AG: Pawtucket School Committee violated Open Meetings Act again

AG: Pawtucket School Committee violated Open Meetings Act again

Officials must release minutes from 'unlawful' discussion

PAWTUCKET - The Office of the Attorney General has ruled that the Pawtucket School Committee violated the Open Meetings Act for the second time in six months when members participated in an "unlawful" secretive discussion at its Feb. 11 meeting. The contents of that discussion must now be made public.

The first violation against the School Committee came after Breeze reporter Ethan Shorey was locked out of a meeting on Aug. 6, 2013.

Special Assistant Attorney Gen. Lisa Pinsonneault said that last Friday's ruling, responding to a Feb. 18 Open Meetings Act complaint from The Breeze, "serves as notice to the School Committee that the conduct discussed herein is unlawful and may serve as evidence of a willful or a knowing violation in any similar future situation."

The School Committee "must release the Feb. 11 executive session meeting minutes within 10 business days and a copy should be provided to this department," states Pinsonneault in her finding.

School Committee Chairman Michael Araujo would not comment on either the attorney general's finding of a violation or the order to release the minutes from the Feb. 11 meeting.

"I have yet to speak with our new attorney regarding the decision of this legal matter," he said. "I would like to speak to him first prior to making any comment."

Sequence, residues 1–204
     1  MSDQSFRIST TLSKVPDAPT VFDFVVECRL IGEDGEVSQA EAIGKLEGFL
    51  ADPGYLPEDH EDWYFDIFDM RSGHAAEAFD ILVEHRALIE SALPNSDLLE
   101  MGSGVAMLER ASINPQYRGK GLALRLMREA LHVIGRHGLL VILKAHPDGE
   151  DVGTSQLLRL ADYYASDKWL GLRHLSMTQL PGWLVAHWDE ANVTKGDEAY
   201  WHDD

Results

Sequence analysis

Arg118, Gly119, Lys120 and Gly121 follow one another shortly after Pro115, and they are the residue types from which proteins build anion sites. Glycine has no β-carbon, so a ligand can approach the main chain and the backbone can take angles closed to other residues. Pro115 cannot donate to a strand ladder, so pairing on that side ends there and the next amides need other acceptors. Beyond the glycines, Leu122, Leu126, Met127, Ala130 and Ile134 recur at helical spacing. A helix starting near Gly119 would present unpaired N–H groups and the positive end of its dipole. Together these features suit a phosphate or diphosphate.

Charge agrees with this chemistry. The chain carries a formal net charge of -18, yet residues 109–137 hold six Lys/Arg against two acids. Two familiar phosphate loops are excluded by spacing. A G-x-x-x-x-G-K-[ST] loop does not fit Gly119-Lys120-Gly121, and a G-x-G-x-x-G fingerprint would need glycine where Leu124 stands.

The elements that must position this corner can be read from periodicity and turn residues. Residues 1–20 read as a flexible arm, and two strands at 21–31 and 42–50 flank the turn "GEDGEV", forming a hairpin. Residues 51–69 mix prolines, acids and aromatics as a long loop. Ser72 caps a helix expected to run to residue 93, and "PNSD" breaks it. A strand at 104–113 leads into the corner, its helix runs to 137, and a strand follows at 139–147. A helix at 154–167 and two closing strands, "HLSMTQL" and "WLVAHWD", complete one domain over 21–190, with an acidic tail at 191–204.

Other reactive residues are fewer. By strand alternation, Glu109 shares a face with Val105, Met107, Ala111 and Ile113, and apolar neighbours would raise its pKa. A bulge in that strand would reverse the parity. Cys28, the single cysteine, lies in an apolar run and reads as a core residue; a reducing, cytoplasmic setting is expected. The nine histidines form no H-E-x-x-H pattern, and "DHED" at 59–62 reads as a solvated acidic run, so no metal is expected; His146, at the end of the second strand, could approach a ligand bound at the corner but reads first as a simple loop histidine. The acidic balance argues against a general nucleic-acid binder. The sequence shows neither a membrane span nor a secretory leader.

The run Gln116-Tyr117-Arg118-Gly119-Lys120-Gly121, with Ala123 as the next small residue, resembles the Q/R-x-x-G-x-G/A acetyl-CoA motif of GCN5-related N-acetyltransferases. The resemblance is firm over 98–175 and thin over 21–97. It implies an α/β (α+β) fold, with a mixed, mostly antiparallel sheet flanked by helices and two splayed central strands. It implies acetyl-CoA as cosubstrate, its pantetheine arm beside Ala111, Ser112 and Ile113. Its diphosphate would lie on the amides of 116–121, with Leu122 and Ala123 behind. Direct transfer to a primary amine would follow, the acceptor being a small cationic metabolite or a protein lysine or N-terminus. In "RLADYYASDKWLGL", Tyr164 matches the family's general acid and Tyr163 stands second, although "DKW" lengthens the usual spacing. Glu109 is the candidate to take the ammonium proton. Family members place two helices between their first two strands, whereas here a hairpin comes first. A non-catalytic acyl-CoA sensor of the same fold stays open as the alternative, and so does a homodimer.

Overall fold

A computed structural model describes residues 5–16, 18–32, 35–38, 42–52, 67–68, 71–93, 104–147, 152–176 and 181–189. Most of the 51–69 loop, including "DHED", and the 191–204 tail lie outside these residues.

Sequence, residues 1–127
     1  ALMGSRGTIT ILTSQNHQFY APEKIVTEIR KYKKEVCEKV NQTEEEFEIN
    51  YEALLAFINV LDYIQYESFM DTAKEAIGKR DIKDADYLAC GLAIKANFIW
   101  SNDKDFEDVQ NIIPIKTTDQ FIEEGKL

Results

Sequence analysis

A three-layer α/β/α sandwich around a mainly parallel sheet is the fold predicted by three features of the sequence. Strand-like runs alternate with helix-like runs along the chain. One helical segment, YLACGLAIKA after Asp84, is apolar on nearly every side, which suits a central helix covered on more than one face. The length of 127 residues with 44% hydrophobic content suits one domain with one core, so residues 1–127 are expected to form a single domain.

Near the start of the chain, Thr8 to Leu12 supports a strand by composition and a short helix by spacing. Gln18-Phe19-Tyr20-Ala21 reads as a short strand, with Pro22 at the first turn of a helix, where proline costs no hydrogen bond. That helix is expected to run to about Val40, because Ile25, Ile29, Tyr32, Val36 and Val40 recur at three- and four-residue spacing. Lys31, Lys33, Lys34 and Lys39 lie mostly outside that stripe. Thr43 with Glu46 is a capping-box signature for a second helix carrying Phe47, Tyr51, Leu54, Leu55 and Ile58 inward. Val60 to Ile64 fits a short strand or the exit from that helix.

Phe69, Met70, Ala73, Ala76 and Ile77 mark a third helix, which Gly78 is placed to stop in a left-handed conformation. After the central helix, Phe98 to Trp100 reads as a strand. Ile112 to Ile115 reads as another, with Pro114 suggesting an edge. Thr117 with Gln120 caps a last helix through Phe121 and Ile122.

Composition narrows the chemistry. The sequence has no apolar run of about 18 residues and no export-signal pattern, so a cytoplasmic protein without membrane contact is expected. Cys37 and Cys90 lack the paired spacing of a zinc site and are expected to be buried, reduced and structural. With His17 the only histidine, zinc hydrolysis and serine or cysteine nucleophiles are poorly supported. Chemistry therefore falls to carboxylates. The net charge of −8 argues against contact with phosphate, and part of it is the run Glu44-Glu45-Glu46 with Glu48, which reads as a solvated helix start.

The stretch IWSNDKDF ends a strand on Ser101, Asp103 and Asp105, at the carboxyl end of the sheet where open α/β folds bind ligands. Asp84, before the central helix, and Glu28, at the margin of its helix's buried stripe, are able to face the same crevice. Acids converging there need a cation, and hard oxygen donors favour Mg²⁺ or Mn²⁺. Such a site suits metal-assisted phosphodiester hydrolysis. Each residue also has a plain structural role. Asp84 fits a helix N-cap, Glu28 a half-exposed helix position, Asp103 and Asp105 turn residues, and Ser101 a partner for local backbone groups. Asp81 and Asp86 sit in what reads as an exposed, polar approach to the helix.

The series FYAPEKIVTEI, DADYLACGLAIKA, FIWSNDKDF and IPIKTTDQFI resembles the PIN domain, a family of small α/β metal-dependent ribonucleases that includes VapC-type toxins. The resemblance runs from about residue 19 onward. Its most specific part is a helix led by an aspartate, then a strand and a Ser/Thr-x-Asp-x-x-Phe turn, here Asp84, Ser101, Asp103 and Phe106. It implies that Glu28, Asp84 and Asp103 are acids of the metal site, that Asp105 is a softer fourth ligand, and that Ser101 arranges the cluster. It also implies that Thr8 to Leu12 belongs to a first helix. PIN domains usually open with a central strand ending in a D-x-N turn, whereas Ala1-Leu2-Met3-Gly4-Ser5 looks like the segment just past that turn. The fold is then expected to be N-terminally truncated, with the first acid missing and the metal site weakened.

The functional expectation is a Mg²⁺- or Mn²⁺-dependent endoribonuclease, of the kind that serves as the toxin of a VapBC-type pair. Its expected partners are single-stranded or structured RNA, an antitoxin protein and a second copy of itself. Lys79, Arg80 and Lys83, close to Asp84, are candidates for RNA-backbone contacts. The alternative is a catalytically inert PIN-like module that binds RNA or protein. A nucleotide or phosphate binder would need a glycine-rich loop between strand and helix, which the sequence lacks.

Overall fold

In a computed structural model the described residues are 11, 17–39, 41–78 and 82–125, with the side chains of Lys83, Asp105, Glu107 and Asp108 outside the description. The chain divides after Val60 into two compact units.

Breeze Editor-in-Chief Marcia Green commented, "Once again we find the Pawtucket School Committee operating outside of the guidelines of the Open Meetings Act. We understand we're in a unique position to monitor violations of the Open Meetings Act - and will continue to report violations - but The Valley Breeze calls upon this school board to read the very clear guidelines issued by the Office of Attorney General and to accept its responsibility for conducting the committee's business with the transparency required of elected officials.

"This board's violations of the law damage a trust with the community that's so essential to Pawtucket's future."

State investigators weren't buying the claim from former school attorney Stephen Robinson that the discussions held in closed-door session on Feb. 11 were allowed because the committee needed legal advice.

At that "executive session" meeting, the School Committee discussed not only the hiring of a new superintendent, Patti DiCenso, but an agreement with former Supt. Deborah Cylke to keep her on as a consultant at her $159,000 superintendent salary.

"Our review of the executive session minutes reveals that most of the approximately 50 minutes did not involve the seeking or obtaining of legal advice on either the interim superintendent or the interpretation of a personnel contract," states the finding. "Arguably, limited parts of the discussion involved frank discussions with legal counsel regarding the legal requirements of having a superintendent in place; however, taken as a whole, we conclude that the discussion was inappropriate for executive session."

Pinsonneault added that the presence of a third party attorney, Richard Ackerman, "provides a strong indication the School Committee was not obtaining privileged legal communications from its attorney while Mr. Ackerman was present."

Read the finding here.

Investigators said they did not find enough evidence for a "willful and knowing" violation, as requested in a Feb. 18 Open Meetings Act complaint from The Breeze, but did warn that another similar incident could result in such a finding.

Though the attorney general's office found the discussion in the executive session to be inappropriate, investigators did not agree with Shorey's complaint that the agenda item for the discussion of legal advice on a new superintendent was too "vague."

The Breeze complaint also stated that Araujo was warned that he would be in violation if he proceeded with the discussion as planned.